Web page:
bookmarks (a/k/a outlines), page metrics (media, rotation and
              labels), data embedded by STAMPtk (see STAMPtk's embed option)
              and other data to the given output filename or (if no output
              is given) to stdout.  Non-ASCII characters are encoded as XML
              numerical entities.  Does not create a new PDF.

         dump_data_utf8
              Same as dump_data excepct that the output is encoded as UTF-8.

         dump_data_fields
              Reads a single input PDF file and reports form field
              statistics to the given output filename or (if no output is
              given) to stdout. Non-ASCII characters are encoded as XML
              numerical entities. Does not create a new PDF.

         dump_data_fields_utf8
              Same as dump_data_fields excepct that the output is encoded as
              UTF-8.




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 PDFTK(1)                                                           PDFTK(1)
                                July 24, 2013



         dump_data_annots
              This operation currently reports only link annotations.  Reads
              a single input PDF file and reports annotation information to
              the given output filename or (if no output is given) to
              stdout. Non-ASCII characters are encoded as XML numerical
              entities. Does not create a new PDF.

         update_info <info data filename | -
              Changes the bookmarks and metadata in a single PDF's Info
              dictionary to match the input data file. The input data file
              uses the same syntax as the output from dump_data. Non-ASCII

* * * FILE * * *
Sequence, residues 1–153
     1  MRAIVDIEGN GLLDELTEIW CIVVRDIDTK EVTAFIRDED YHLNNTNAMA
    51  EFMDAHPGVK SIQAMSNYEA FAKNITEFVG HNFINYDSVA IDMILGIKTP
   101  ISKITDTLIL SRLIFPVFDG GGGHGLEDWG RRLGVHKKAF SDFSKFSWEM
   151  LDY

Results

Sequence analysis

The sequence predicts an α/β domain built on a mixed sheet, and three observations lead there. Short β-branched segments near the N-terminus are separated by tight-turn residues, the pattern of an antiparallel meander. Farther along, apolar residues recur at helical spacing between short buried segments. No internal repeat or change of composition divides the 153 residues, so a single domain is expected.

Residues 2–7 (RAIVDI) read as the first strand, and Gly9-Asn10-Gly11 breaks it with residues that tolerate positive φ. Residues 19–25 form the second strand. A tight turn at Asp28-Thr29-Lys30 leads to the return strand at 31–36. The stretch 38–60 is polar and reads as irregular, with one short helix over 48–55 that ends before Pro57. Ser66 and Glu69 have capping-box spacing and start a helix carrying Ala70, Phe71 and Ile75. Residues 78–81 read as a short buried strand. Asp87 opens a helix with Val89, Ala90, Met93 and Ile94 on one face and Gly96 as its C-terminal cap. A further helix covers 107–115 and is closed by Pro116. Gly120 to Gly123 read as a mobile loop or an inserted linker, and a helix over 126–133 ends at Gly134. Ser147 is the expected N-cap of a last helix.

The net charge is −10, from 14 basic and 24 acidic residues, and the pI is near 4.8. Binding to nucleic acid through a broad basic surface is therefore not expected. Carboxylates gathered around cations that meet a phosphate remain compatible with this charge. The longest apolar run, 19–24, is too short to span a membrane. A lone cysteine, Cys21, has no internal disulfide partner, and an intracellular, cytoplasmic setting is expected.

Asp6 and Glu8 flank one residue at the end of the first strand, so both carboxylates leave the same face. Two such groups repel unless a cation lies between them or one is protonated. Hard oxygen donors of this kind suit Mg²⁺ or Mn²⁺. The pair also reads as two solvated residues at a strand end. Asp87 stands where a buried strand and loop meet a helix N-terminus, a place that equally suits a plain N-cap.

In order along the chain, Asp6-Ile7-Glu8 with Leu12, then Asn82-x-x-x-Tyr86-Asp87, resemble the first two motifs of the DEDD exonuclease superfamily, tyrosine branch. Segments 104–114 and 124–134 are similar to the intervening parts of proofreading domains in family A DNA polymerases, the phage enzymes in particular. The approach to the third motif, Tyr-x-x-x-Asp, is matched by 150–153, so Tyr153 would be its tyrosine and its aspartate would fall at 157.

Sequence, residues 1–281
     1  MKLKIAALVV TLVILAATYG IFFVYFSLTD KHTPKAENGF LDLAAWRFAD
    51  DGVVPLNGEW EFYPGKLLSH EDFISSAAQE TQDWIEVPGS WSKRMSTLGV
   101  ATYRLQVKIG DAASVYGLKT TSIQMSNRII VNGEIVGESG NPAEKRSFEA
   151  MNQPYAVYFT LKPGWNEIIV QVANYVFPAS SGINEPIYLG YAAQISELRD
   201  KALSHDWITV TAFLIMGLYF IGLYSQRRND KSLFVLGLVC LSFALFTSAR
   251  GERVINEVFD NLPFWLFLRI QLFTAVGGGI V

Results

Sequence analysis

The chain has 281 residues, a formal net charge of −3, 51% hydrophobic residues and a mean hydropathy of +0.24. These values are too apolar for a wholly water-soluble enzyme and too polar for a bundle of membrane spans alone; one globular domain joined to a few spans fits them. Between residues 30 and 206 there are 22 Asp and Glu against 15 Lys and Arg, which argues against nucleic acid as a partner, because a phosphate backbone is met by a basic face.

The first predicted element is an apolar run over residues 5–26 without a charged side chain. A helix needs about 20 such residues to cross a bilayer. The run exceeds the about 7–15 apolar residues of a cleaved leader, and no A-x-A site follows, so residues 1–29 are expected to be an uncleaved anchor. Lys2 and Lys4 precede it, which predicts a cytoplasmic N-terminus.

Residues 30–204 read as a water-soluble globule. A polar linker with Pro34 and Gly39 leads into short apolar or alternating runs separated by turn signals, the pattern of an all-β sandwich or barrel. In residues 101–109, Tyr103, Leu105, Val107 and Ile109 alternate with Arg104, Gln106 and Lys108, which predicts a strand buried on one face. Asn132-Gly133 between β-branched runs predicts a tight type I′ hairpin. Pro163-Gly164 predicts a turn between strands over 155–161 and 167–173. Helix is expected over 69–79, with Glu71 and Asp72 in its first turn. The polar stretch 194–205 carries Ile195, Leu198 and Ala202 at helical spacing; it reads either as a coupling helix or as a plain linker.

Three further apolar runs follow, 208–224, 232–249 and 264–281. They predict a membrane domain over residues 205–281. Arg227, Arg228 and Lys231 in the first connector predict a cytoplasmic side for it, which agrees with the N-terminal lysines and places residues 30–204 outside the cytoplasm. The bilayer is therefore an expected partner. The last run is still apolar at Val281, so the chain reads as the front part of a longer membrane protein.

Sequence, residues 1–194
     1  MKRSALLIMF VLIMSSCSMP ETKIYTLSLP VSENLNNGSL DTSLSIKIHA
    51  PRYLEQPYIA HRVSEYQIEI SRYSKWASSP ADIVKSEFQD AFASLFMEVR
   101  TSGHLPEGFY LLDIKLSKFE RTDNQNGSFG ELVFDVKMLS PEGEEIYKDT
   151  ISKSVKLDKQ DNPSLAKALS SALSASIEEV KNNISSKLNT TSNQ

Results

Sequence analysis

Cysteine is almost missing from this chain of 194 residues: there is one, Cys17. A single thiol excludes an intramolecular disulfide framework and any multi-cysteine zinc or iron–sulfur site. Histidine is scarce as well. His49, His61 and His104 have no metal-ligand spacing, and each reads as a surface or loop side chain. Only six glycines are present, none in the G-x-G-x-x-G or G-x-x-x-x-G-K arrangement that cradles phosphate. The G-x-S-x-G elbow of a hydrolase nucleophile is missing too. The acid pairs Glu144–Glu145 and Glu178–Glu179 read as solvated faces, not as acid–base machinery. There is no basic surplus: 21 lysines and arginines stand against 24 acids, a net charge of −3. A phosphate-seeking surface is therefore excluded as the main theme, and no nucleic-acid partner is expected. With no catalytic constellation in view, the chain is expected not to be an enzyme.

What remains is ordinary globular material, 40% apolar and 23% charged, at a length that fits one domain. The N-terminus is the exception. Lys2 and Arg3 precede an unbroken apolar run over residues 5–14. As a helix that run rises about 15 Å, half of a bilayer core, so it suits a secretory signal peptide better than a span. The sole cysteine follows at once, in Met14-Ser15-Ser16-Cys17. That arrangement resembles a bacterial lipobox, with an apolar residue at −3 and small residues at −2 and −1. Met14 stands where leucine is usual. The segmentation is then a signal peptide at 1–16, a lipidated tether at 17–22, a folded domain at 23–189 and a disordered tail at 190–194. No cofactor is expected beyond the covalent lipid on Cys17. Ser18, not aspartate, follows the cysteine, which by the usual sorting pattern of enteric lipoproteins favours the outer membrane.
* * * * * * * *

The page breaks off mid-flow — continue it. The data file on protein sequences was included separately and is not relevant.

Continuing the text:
characters should be encoded as XML numerical entities.

              This operation does not change the metadata stored in the
              PDF's XMP stream, if it has one. (For this reason you should
              include a ModDate entry in your updated info with a current
              date/timestamp, format: D:YYYYMMDDHHmmSS, e.g. D:201307241346
              -- omitted data after YYYY revert to default values.)

              For example:

              pdftk in.pdf update_info in.info output out.pdf

         update_info_utf8 <info data filename | -
              Same as update_info except that the input is encoded as UTF-8.

         attach_files <attachment filenames | PROMPT> [to_page
              Packs arbitrary files into a PDF using PDF's file attachment
              features. More than one attachment may be listed after
              attach_files. Attachments are added at the document level
              unless the optional to_page option is given, in which case the
              files are attached to the given page number (the first page is
              1, the final page is end). For example:

              pdftk in.pdf attach_files table1.html table2.html to_page 6
              output out.pdf

         unpack_files